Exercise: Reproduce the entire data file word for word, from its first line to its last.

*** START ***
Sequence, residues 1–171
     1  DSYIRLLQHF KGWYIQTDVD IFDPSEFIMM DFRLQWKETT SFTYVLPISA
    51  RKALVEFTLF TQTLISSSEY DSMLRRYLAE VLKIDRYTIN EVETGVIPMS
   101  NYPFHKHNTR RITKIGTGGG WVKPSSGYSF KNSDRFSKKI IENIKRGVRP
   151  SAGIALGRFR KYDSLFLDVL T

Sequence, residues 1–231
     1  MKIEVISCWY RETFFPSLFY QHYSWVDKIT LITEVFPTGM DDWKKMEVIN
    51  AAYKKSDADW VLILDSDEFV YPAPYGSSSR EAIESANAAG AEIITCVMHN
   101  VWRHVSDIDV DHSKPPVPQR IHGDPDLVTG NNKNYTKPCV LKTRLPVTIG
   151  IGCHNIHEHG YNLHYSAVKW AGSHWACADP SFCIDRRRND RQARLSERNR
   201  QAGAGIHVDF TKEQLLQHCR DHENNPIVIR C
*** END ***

Sequence, residues 1–171
     1  DSYIRLLQHF KGWYIQTDVD IFDPSEFIMM DFRLQWKETT SFTYVLPISA
    51  RKALVEFTLF TQTLISSSEY DSMLRRYLAE VLKIDRYTIN EVETGVIPMS
   101  NYPFHKHNTR RITKIGTGGG WVKPSSGYSF KNSDRFSKKI IENIKRGVRP
   151  SAGIALGRFR KYDSLFLDVL T

Sequence, residues 1–231
     1  MKIEVISCWY RETFFPSLFY QHYSWVDKIT LITEVFPTGM DDWKKMEVIN
    51  AAYKKSDADW VLILDSDEFV YPAPYGSSSR EAIESANAAG AEIITCVMHN
   101  VWRHVSDIDV DHSKPPVPQR IHGDPDLVTG NNKNYTKPCV LKTRLPVTIG
   151  IGCHNIHEHG YNLHYSAVKW AGSHWACADP SFCIDRRRND RQARLSERNR
   201  QAGAGIHVDF TKEQLLQHCR DHENNPIVIR C